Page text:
I came across a story this week as I was reading and preparing to lead Christmas worship at the Fountains as well as participating in the five worship opportunities we will share at FPC this upcoming weekend. This story really spoke to me this week. We live in a world that is sometimes scary and often confusing. Hear this story about what one man discovered about why God chose to come to be with us – scared and confused as we are – in the vulnerable form of an infant child:
“Once upon a time there was a man who looked upon Christmas as a lot of humbug. He wasn’t a Scrooge. He was a kind and decent person, generous to his family, upright in all his dealings with others. But he didn’t believe all that stuff about Incarnation which churches proclaim at Christmas. And he was too honest to pretend that he did. “I am truly sorry to distress you,” he told his wife, who was a faithful churchgoer. “But I simply cannot understand this claim that God becomes human. It doesn’t make any sense to me.”
On Christmas Eve, his wife and children went to church for the midnight service. He declined to accompany them. “I’d feel like a hypocrite,” he explained. “I’d rather stay at home. But I’ll wait up for you.”
Shortly after his family drove away in the car, snow began to fall. He went to the window and watched the flurries getting heavier and heavier. “If we must have Christmas,” he thought, “it’s nice to have a white one.” He went back to his chair by the fireside and began to read his newspaper. A few minutes later he was startled by a thudding sound. It was quickly followed by another, then another.
He thought that someone must be throwing snowballs at his living room window. When he went to the front door to investigate, he found a flock of birds huddled miserably in the storm. They had been caught in the storm and in a desperate search for shelter had tried to fly through his window. “I can’t let these poor creatures lie there and freeze,” he thought. “But how can I help them?” Then he remembered the barn where the children’s pony was stabled. It would provide a warm shelter.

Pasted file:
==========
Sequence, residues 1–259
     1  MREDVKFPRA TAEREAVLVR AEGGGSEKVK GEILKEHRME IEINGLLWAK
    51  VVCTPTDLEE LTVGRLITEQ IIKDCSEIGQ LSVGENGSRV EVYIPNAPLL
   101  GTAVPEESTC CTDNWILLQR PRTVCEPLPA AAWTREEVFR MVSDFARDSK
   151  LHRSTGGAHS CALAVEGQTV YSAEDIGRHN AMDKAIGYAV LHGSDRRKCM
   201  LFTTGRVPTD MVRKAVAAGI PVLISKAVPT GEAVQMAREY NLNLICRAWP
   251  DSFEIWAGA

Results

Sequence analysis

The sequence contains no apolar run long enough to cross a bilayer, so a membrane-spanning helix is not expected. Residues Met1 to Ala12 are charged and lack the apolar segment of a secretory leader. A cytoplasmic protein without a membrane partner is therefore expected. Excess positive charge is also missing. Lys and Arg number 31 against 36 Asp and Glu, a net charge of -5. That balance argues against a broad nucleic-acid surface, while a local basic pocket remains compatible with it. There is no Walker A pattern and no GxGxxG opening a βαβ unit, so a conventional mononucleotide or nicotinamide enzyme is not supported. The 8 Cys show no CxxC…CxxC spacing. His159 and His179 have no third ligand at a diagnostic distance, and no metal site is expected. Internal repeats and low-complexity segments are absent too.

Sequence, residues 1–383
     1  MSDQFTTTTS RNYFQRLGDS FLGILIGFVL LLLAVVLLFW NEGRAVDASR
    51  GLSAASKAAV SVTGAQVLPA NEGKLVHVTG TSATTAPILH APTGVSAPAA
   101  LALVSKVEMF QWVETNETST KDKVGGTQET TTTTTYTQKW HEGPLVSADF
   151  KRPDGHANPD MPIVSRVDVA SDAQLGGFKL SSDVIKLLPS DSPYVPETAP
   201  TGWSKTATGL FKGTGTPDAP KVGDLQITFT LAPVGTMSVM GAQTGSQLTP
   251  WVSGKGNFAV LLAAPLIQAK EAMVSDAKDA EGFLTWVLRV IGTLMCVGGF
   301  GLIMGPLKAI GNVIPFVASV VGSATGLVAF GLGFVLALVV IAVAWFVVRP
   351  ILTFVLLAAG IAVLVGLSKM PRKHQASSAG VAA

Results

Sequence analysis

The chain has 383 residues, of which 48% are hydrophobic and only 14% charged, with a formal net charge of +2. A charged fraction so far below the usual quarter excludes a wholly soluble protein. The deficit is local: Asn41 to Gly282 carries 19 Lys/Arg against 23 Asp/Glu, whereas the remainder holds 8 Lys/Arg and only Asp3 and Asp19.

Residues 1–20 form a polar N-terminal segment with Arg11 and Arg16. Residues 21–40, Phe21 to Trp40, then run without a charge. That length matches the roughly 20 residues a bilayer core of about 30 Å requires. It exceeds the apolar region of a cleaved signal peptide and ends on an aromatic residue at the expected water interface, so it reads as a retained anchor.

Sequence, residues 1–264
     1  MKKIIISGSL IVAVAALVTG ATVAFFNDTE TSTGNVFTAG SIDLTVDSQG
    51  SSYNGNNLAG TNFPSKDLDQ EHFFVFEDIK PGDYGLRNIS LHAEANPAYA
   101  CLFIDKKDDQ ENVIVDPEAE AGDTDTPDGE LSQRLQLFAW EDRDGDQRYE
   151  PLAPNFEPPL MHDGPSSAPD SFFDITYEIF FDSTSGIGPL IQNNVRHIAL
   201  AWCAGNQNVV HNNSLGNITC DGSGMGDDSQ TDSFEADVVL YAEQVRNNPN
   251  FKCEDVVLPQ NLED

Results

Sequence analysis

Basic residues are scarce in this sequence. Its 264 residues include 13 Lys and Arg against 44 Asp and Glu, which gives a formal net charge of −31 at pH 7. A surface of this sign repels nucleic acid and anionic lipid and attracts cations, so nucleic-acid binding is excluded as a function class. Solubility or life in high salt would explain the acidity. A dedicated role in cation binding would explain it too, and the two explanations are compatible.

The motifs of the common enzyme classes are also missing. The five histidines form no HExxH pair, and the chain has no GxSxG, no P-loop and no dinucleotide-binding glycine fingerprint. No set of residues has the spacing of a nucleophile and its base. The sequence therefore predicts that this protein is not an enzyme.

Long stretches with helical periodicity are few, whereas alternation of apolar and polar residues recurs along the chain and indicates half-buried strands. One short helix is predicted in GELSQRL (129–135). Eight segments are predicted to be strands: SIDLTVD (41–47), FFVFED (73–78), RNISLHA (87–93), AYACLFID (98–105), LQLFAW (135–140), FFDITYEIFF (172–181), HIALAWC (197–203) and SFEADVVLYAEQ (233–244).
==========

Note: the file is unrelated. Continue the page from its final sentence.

He put on his coat and galoshes and tramped through the deepening snow to the barn. He opened the door wide and turned on a light. But the birds didn’t come in. “Food will lure them in,” he thought. So he hurried back to the house for bread crumbs, which he sprinkled on the snow to make a trail into the barn. To his dismay, the birds ignored the bread crumbs and continued to flop around helplessly in the snow. He tried shooing them into the barn by walking around and waving his arms. They scattered in every direction – except into the warm lighted barn.
“They find me a strange and terrifying creature,” he said to himself, “and I can’t seem to think of any way to let them know they can trust me. If only I could be a bird myself for a few minutes, perhaps I could lead them to safety. . . .”
Just at that moment the church bells began to ring. He stood silent for a while, listening to the bells pealing the glad tidings of Christmas. Then he sank to his knees in the snow. “Now I do understand,” he whispered. “Now I see why You had to do it.”
– A Christmas Parable written by Louis Cassels
This story we share each year is hard to understand. We look at this most vulnerable creature – this tiny baby in a feeding trough, born to a young unwed mother and visited by the outcasts of the society into which he was born, and we wonder – why? Why would God make this choice? Why would God come among us in this vulnerable package? Why would God take on hunger and pain and heartbreak and illness and even death? The answer to these questions is contained in one of the most beloved and well-known passages of scripture in the New Testament – one of the first verses many of us learned as children – John 3:16 – “For God so loved the world that he gave his only Son, so that everyone who believes in him may not perish but may have eternal life.” The word became flesh and lived among us so that we – frightened and confused creatures – could be led to safety and salvation. Thanks be to God.
May God’s grace shine upon you this Advent and Christmastide!